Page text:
Throughout the legislative session, the Greater Phoenix Chamber of Commerce has closely monitored numerous bills that affect the business community in either a positive or a negative manner.

The Chamber has taken formal positions on 67 bills, with 47 being in favorable support and 20 in opposition. Out of the 47 formally supported bills, 24 have been signed into law. These recently signed bills include four issues that are particularly impactful for the business community at large.

Campaign finance and free speech: HB 2153 (campaign finance; nonprofits disclosure) allows nonprofits, business entities, and others to maintain their free speech and right to participate in elections without fear of retribution or unnecessary disclosure that may infringe on the entity’s privacy. The Chamber strongly supported the bill and testified as such. The bill was subsequently signed into law by the Governor.

Data security: HB 2154 (personal Information; data security breaches) targets continuing concerns about identity theft and protects the public from malicious data security breaches or hacks. The bill requires an entity to notify any affected individual or organization and the attorney general within 30 days. After continuous negotiations and amendments, the bill streamlines procedures for businesses to comply with the stipulations while keeping consumers’ information safe.

Claim settlements: SB 1100 (workers compensation; claim settlement) has been an issue since 2017. The bill cleans up and modifies requirements for the settlement of a workers’ compensation claim in which the employee waives future entitlement to benefits on the claim. The bill also allows the settlement of an undisputed entitlement to supportive medical maintenance benefits by employee waiver of future entitlement for known conditions described in the settlement. The Chamber was proud to help this measure pass into law.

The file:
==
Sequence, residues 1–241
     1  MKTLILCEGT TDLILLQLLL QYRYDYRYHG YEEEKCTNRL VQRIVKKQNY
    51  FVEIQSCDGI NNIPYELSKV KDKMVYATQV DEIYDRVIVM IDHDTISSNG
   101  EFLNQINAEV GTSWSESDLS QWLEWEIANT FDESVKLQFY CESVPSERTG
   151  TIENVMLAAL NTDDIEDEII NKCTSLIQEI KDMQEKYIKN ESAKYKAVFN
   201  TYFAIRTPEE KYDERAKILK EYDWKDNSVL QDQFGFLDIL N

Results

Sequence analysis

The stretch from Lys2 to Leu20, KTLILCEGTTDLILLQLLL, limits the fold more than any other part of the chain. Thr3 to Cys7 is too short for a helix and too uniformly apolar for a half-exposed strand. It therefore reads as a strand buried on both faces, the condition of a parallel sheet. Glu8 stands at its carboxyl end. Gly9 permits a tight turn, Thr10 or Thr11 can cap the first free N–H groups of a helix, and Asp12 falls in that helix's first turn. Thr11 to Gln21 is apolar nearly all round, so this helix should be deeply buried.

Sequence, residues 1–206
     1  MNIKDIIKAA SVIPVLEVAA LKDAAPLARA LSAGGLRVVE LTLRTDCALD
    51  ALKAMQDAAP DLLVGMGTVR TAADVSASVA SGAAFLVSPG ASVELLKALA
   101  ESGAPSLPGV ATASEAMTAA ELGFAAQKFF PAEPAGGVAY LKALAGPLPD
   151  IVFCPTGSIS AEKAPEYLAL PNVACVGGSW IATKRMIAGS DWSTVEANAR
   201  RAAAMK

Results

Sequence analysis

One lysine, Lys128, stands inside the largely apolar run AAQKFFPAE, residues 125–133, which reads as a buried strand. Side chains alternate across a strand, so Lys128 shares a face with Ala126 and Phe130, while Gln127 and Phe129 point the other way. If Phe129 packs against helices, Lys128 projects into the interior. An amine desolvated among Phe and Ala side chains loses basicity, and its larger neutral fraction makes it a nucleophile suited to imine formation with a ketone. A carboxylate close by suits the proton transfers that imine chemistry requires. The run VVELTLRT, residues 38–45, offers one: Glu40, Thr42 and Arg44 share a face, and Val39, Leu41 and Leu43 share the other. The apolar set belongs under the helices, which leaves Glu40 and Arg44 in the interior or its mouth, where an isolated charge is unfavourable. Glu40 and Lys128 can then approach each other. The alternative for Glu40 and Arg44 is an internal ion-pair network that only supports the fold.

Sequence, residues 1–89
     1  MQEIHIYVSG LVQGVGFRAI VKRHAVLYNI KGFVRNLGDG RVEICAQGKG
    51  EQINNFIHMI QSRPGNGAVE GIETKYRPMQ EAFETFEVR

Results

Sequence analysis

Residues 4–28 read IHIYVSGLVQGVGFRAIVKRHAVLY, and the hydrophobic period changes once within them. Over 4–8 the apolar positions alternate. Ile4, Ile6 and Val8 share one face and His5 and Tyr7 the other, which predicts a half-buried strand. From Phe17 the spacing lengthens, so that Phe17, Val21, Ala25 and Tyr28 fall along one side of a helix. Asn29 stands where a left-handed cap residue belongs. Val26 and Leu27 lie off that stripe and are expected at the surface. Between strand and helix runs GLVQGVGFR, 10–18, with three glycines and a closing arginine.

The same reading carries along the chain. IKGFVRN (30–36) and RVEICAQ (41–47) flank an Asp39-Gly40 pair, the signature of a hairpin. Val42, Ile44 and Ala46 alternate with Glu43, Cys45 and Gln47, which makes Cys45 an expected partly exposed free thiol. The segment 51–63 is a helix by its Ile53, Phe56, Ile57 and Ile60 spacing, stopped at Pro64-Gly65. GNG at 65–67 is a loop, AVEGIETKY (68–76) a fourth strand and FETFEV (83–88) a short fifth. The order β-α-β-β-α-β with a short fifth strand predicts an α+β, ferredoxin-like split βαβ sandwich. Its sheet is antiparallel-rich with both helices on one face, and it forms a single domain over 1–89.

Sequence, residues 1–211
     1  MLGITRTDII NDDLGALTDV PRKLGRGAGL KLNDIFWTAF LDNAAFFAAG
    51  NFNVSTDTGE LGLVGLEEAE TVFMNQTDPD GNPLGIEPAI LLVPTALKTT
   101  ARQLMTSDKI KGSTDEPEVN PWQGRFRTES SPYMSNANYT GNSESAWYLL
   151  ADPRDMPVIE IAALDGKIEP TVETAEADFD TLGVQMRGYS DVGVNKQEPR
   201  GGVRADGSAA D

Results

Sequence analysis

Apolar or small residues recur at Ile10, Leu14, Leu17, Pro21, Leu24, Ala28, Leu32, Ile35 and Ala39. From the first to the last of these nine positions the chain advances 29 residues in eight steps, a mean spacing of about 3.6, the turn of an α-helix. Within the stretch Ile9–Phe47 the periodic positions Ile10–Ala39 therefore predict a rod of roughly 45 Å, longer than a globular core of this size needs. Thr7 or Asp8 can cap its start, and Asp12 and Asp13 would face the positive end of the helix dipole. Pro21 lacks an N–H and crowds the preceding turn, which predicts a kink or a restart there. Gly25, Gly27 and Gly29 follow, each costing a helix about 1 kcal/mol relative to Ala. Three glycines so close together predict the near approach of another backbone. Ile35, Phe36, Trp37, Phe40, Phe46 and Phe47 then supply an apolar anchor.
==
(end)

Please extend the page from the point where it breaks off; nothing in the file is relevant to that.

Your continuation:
Small employers and insurance coverage: SB 1217 (insurance; small employers; continuation coverage), also known as the mini-cobra bill, beginning in 2019 requires small businesses that employ 20 or fewer people to provide enrollees with continuing coverage. The bill promotes a robust insurance market that benefits both employers and employees.

More information about the Chamber’s positions can be found online.

-Written by Jen Springman, Public Affairs Coordinator

Posted by Danny Imes